7. While in hot markets, you may not see a difference in price between an REO and a typical property, during slower markets, you can pick up an REO at discounts to the property’s actual value.
8. Lenders and banks do not like holding REOs on the books, and try to get rid of these as quickly as possible.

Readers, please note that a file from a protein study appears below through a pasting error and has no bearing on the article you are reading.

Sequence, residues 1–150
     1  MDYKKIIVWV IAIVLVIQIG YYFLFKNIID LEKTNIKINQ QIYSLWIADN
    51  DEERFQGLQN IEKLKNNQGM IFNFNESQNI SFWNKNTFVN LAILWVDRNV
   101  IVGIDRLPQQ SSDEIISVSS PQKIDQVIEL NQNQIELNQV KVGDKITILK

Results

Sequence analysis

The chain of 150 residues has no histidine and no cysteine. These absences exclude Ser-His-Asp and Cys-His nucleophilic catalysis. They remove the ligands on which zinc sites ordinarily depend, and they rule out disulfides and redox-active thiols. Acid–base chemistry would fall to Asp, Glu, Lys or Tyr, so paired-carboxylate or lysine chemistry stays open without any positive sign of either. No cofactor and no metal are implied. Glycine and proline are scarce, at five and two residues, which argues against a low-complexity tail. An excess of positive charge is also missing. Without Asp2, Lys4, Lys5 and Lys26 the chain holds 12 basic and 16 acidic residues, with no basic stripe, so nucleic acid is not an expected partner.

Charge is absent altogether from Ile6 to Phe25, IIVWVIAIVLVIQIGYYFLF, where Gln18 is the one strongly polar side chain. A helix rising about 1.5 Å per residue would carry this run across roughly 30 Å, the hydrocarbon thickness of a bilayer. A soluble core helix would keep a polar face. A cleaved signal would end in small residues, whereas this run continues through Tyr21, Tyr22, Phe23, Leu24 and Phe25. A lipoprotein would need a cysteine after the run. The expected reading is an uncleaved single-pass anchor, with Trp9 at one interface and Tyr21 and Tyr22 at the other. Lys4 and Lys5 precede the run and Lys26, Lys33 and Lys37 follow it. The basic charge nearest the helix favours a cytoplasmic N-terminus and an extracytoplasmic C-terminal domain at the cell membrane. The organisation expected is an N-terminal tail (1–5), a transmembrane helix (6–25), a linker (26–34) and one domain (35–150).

RealtyTrac, does a great job of explaining the more about REOs. Foreclosure is a legal process that allows a lender/bank to sell or take possession of a property due to non-payment of a loan that is secured by that property. Properties that have already been foreclosed on are Bank Owned. Although the lender usually clears out any liens on the title, you should still make any purchase offer contingent on a title search. Also, find out if the lender has made any repairs to the property or if it is being sold "as is." The lender wants to recover any money they've put into the property, but you can often make a successful offer that's still substantially under the market value. There is no set timeframe within which the banks must sell their REOs; however, banks often want to get REOs off their books rapidly. As a result, many REOs sell quickly. The only exception is if there is a "redemption period" for the owner to buy back the property after it is repossessed by the bank. State law dictates if there is any redemption period. The bank will typically wait until the end of any redemption period to sell the property. Keep in mind that sometimes contacting the lender can be frustrating, as the main purpose of a lender is to loan money, not to sell property. So even though the bank may have a department that handles bank-owned property for sale, that department may be hard to track down.